Former German chancellor Helmut Schmidt, who led West Germany amid terrorist strikes in the 1970s and laid the foundations for the euro currency, died Tuesday, aged 96, his doctor has said.
Helmut Heinrich Waldemar Schmidt was born a month after the end of World War I. He led Germany's democratic half through some of its most difficult times, as it struggled in the 1970s with domestic terrorism and was caught in the middle in the Cold War.
Among his lasting legacies is the euro currency, launched in 1999. Schmidt and former French president Valery Giscard d'Estaing laid the foundations for it in 1978-79, setting up the European Monetary System (EMS) and an embryonic joint currency known as the ECU.
Schmidt, who fought in Nazi Germany's forces in World War II in a tank division on the eastern front, became a Social Democrat while in a British prisoner-of-war camp. He studied economics and politics and went on to spend his entire working life as a professional politician.
He married his childhood sweetheart, Hannelore, nicknamed Loki, in 1942. She died in 2010. Their daughter Susanne is based in London. They also had a son who died in infancy of meningitis.
A straight-talking native of the northern city-state of Hamburg, Schmidt came to political prominence in the winter of 1962 as the state's interior minister. During a major flood, calling in the military to aid the stricken city.
Challenged on his decision, which probably saved hundreds of lives but technically violated the consitution, Schmidt fired back: "These days, I haven't been looking at the constitution."
His no-nonsense, pragmatic approach to politics laid the groundwork for his ascent, both nationally and on the world stage. However, it also prefaced later clashes with leftist ideologues within the Social Democratic Party (SPD).
When chancellor Willy Brandt fell from grace amid a spying scandal in 1972, Schmidt, his politically experienced finance minister, moved in to take West Germany's top political job.
During his first chancellorship, Schmidt gained a reputation as resolute, especially in foreign and financial policy. He co-founded the G7 summits, which continue to this day. He won respect as an intellectual heavy hitter on the world stage, saying a man's "character proves itself in times of crisis."
His party won pluralities in two elections, in 1976 and 1980.
In late 1977, when the country was shaken by escalating left-wing terrorism from the Red Army Faction (RAF), Schmidt's mettle was tested almost to breaking point.
The chancellor refused to give in to RAF demands to free imprisoned terrorists in return for the life of the kidnapped president of the employers' association, Hanns-Martin Schleyer. As a result, Schleyer was murdered on October 18.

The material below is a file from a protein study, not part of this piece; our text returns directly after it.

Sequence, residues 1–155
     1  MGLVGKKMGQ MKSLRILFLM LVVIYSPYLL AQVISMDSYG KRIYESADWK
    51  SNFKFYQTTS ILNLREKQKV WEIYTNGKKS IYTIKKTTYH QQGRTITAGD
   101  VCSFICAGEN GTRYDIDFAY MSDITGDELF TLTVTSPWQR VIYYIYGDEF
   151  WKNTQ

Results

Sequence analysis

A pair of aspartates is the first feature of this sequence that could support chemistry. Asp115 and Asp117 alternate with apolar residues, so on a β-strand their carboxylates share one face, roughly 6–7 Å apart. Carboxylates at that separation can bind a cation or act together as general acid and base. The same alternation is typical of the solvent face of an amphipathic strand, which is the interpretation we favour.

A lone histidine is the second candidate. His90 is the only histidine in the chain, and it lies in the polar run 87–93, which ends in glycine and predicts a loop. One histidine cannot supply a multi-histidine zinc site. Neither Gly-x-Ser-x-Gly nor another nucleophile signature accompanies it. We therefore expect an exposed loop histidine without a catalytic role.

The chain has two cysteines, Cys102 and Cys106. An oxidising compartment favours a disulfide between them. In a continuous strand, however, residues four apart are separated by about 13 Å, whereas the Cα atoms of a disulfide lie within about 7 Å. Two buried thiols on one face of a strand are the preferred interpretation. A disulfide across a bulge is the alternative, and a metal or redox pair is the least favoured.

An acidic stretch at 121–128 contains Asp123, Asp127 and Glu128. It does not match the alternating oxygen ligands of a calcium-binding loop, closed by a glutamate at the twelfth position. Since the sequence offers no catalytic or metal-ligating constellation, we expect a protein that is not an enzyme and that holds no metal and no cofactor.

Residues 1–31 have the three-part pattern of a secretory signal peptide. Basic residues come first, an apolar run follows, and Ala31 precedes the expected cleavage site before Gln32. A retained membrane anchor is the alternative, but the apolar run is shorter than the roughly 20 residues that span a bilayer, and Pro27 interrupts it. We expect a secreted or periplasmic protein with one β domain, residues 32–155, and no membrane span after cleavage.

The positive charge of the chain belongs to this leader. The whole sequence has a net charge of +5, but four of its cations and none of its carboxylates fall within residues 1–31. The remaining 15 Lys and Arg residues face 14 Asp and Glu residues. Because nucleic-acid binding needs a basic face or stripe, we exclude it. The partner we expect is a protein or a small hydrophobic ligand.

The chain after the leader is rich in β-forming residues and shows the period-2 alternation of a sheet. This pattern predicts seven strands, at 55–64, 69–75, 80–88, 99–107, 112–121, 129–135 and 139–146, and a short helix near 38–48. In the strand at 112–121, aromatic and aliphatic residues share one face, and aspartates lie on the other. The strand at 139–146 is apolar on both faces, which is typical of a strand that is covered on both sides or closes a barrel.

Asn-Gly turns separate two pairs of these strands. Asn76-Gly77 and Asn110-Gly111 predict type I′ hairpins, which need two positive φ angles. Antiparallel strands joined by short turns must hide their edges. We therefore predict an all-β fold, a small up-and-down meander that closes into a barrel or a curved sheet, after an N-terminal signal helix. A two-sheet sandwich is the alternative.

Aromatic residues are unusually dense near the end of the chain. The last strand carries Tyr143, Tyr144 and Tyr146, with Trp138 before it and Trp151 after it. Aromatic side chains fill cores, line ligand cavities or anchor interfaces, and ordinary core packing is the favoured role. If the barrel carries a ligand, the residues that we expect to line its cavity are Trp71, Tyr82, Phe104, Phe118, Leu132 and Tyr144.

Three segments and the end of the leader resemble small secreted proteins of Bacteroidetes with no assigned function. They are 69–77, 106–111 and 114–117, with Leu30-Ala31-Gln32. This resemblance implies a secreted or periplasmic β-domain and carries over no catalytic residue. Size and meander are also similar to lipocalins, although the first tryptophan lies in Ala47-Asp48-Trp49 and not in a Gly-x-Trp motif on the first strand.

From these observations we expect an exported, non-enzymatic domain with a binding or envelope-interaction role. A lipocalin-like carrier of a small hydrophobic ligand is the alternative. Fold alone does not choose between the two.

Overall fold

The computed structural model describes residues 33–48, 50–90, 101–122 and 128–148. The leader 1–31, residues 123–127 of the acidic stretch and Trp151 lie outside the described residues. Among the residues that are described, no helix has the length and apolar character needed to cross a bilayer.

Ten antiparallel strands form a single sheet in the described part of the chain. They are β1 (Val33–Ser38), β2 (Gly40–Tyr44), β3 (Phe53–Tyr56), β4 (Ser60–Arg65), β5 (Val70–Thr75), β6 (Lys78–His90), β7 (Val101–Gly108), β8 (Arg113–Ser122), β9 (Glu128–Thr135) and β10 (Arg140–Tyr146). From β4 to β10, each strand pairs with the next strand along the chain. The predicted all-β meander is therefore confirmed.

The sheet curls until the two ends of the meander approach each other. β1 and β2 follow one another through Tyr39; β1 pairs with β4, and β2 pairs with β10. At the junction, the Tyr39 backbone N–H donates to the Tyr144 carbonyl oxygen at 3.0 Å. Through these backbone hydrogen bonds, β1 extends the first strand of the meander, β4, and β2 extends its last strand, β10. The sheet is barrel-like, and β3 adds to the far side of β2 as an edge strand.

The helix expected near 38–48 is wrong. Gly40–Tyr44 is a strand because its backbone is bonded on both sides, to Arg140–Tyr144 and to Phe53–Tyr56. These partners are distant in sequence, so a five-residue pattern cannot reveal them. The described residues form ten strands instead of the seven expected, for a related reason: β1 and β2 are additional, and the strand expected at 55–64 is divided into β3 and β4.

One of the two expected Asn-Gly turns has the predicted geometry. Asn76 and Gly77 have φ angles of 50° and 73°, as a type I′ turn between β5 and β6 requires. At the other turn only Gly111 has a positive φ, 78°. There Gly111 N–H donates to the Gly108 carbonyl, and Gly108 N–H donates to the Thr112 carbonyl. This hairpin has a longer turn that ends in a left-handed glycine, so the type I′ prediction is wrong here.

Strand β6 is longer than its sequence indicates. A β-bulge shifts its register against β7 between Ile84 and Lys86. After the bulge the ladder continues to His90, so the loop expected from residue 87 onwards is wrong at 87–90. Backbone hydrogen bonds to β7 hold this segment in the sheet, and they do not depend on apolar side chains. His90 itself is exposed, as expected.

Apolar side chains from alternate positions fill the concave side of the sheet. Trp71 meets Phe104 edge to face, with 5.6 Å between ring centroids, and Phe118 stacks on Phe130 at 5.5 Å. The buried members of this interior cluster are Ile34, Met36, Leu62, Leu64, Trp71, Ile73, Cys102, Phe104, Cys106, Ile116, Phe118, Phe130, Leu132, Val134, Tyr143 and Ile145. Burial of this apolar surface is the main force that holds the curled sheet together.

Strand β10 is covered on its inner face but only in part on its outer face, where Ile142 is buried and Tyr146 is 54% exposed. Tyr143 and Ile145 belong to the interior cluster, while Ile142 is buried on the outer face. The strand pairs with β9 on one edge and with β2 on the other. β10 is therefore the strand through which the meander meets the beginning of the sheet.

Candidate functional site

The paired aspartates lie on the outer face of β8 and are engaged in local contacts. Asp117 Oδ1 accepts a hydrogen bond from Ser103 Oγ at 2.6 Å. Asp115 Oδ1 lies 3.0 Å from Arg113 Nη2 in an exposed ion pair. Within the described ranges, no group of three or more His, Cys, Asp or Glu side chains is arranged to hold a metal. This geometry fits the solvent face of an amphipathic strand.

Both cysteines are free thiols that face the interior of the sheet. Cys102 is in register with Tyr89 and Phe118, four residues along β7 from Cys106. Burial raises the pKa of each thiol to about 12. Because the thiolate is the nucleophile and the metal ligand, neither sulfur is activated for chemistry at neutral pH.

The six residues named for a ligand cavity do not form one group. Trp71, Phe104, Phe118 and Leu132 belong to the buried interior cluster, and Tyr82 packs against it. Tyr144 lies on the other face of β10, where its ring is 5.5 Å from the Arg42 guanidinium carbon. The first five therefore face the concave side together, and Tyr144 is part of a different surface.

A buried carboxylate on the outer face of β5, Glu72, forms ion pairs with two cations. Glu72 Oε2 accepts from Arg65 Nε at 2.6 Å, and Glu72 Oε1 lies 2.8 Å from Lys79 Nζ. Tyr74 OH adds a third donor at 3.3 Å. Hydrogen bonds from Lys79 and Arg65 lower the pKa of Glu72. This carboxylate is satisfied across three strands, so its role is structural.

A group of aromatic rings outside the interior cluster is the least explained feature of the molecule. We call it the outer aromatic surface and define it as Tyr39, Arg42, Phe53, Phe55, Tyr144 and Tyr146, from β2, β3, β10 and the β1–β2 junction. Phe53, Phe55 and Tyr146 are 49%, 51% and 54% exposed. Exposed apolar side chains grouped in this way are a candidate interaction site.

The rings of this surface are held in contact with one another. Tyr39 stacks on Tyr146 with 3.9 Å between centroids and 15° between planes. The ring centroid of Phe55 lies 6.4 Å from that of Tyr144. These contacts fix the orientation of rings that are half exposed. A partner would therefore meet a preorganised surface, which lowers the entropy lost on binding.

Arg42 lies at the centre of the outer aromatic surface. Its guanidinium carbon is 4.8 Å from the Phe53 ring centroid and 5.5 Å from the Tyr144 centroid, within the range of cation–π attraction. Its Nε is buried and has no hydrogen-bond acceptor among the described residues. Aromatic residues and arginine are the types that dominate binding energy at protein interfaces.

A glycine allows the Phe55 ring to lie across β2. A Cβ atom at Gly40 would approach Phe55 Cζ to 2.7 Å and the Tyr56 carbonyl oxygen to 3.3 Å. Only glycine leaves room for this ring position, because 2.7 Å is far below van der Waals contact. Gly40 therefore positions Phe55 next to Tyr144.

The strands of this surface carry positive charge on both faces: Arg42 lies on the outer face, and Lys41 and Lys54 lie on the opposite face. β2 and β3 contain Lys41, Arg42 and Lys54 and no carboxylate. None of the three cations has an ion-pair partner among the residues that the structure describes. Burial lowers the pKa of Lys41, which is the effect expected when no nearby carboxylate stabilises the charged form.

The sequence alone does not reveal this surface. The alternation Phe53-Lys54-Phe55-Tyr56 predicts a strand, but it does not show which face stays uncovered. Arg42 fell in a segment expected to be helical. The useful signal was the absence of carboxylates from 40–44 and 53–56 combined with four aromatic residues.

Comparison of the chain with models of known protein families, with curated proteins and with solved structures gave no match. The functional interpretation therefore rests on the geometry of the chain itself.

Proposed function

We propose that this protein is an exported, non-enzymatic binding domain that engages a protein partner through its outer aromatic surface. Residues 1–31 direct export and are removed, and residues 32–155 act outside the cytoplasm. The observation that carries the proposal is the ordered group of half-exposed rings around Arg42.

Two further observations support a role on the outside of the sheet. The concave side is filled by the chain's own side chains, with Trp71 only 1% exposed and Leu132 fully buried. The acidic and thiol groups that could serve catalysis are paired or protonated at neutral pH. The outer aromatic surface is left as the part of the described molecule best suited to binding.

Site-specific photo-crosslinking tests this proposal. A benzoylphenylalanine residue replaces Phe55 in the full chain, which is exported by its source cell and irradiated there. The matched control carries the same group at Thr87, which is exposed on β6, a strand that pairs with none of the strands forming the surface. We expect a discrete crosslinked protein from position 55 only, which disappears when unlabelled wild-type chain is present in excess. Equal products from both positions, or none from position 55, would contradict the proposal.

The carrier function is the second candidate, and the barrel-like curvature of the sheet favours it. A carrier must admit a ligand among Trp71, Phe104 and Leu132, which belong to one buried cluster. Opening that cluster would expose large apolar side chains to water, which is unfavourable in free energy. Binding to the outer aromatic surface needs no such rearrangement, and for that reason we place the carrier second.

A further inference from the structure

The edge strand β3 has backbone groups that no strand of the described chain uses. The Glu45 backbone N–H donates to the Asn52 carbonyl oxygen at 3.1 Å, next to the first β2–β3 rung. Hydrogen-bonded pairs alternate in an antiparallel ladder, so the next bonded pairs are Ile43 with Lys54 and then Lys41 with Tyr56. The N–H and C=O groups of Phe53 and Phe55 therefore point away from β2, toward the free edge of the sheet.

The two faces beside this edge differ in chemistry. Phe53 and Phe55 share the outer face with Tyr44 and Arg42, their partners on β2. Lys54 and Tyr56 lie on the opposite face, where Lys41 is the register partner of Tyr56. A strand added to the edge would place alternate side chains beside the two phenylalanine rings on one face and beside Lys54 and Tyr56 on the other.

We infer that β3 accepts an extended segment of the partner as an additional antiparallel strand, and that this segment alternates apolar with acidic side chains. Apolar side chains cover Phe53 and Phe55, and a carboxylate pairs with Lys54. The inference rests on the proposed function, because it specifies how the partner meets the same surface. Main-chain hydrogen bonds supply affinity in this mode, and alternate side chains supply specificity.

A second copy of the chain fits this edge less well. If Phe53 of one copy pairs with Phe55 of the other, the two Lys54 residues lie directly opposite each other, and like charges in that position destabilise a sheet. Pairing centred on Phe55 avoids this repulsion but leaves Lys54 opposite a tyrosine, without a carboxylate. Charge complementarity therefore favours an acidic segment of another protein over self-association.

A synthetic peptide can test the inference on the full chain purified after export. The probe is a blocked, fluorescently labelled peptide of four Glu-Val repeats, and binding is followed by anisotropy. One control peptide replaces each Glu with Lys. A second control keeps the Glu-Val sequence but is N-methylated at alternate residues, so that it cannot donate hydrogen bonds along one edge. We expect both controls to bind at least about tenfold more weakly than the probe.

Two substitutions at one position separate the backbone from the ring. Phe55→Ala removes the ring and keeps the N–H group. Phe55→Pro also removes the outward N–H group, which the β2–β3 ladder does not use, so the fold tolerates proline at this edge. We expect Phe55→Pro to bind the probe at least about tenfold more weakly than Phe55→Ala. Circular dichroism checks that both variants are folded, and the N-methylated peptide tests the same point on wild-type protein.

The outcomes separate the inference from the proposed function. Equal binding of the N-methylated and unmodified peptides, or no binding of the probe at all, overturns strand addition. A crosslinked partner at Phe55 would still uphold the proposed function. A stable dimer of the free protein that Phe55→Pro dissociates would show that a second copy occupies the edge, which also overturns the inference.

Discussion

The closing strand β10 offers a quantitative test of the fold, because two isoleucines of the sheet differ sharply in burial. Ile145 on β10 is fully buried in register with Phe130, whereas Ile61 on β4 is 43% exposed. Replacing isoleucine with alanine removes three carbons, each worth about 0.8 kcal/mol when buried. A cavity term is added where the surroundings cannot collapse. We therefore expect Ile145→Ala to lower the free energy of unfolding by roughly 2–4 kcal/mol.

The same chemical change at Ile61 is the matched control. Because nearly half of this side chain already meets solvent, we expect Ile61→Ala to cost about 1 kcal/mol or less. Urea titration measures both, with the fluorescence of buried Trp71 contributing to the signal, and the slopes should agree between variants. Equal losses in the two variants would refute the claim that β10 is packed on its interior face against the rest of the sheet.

Almost at the same time, a Lufthansa airliner was hijacked with 86 passengers on board. Schmidt said in a steely televised address to the nation that the state would respond to such acts with "all necessary hardness."
He gave the order for the jet to be stormed by commandos, leading to all the hostages being saved.
In foreign policy, Schmidt defied many within his own party by backing the so-called NATO double-track decision of 1979, which offered the Soviet Union either a mutual reduction of nuclear weapons in Europe or a massive armaments race if this were turned down.
His policies espousing nuclear energy, boosting the role of the military and NATO and favouring business unleashed tensions with the leftists in his own bloc that spelled the beginning of the end.
In 1982, in his third term as chancellor, Schmidt instigated a vote of confidence which he narrowly won, only to be faced with a walkout by his coalition partners, the Free Democrats.
Six months later, Helmut Kohl of the Christian Democrats swept to power.
Out of office, elder statesman Schmidt continued to nurture the euro. He oversaw a political weekly newspaper, Die Zeit, as editorial director, became a father-figure for the centre-left and hosted a string of political celebrity visitors to his modest Hamburg home.
In more than 30 books, he advanced his ideas on foreign and domestic policy, often deploying his withering wit to puncture the political egos of the day. A competent musician, he recorded piano concertos of both Mozart and Bach.
Even in his 90s, Schmidt was still showing up for TV studio interviews, drawing awe for the ever-acute quality of his political judgement.
Remarkably for a man with a heart pacemaker, Schmidt continued to smoke - almost constantly - in public, on television shows and in restaurants where it was forbidden. Police simply refused to prosecute the former chancellor.
Remarking in a television documentary on how he had survived such an extraordinary political career, he joked that only two things were necessary.
"One needs willpower. And cigarettes," he said.